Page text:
Excavation have continued at the cave for many years. (Androstachys / Public domain)

Excavation have continued at the cave for many years. (Androstachys / Public domain )

Ancient Plant And Animal Maps

Why these new findings are really important to anthropology and archaeology is because the researchers believe their findings indicate H. angustifolia may have been a familiar source of food for early humans as they travelled throughout Africa and even beyond. To illustrate this point the scientists say that when you plot the flower’s distribution on a map of Africa it occurs all the way from the south up the east coast, right into the northern part of Sudan and then across into Yemen, and onwards ‘out of Africa,' said Dr Wadley.

This means that wherever hunter gatherers were traveling, even 170,000 years ago, they had a regular source of carbohydrate that they could rely on as a travel food wherever they went, which suggests plant foods sustained hunting patterns as early humans moved outwards from Africa .

Ancient Ancestral Plant Knowledge 

This new research builds on the paper described in a 2016 New Scientist article regarding findings at the  Gesher Benot Ya’ aqov site in northern Israel which provide some of the first direct evidence of what plants early humans ate. Occupied 780,000 years ago, probably by  Homo erectus  or a very closely related species, Dr Yoel Melamed and  Naama Goren-Inbar  from Bar-Ilan University in Ramat Gan, Israel presented evidence that ancient humans had ‘extraordinarily broad tastes’ finding no less than 55 different kinds of plant.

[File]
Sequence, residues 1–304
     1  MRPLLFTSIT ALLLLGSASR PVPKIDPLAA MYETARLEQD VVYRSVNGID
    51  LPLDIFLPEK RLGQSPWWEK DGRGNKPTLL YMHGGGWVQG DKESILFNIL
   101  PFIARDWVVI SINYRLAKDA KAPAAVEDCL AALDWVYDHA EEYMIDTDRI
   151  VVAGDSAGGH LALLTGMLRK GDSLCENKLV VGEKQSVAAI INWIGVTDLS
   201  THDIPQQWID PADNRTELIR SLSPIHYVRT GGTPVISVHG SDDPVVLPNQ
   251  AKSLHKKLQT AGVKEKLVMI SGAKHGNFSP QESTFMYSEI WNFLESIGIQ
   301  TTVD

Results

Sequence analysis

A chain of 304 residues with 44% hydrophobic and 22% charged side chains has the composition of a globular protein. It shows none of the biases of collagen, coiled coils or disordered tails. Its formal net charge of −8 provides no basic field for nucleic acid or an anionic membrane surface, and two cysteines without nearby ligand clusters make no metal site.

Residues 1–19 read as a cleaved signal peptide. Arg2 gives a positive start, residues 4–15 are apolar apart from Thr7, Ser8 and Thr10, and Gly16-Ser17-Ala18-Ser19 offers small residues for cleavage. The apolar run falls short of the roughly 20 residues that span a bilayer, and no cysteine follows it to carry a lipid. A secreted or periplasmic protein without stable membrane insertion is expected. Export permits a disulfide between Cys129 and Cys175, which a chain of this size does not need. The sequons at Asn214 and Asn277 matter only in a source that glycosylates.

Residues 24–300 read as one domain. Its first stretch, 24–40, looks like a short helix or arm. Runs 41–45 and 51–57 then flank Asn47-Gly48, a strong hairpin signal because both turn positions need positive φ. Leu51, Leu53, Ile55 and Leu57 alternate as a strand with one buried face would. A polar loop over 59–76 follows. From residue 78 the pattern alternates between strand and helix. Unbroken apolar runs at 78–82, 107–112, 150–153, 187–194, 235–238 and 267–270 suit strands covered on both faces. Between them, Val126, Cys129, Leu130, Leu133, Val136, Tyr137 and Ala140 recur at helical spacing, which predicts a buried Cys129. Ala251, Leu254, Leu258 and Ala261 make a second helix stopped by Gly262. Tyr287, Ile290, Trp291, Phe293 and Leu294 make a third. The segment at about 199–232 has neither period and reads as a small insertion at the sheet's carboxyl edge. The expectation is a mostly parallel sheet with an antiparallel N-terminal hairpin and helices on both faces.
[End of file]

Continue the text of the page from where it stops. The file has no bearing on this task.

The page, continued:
This discovery, according to the archaeologists, is evidence that early humans found ‘palatable food all year round’ giving what would have been a substantial element of security.

Plant Or Animal Based?

Despite the diverse array of plants collected at Gesher Benot Ya’aqov most scientists agree that it’s very unlikely the people who lived there could have remained healthy as strict vegetarians. However, according to  Amanda Henry  at the Max Planck Institute for Evolutionary Anthropology in Leipzig, Germany, early human diets may have tipped towards being plant-rich and that only a ‘very little amount’ of animal protein and fat is needed to supplement a predominantly plant-based diet.

Either way, the site of Gesher Benot Ya’aqov and these new findings in South Africa suggest early hominins processed foods before cooking them and that their knowledge of the plant world potentially allowed them to inhabit the same location year-round.

Top image: Border Cave Excavation site, Lebombo Mountains, South Africa.        Source: Credit Dr Lucinda Backwell/ Wits University

By Ashley Cowie

References

Lyn Wadley, Lucinda Backwell, Francesco d’Errico, Christine Sievers, ‘Cooked starchy rhizomes in Africa 170 thousand years ago’. Sciencemag, AAAS, 2019. DOI: https://doi.org/10.1126/science.aaz5926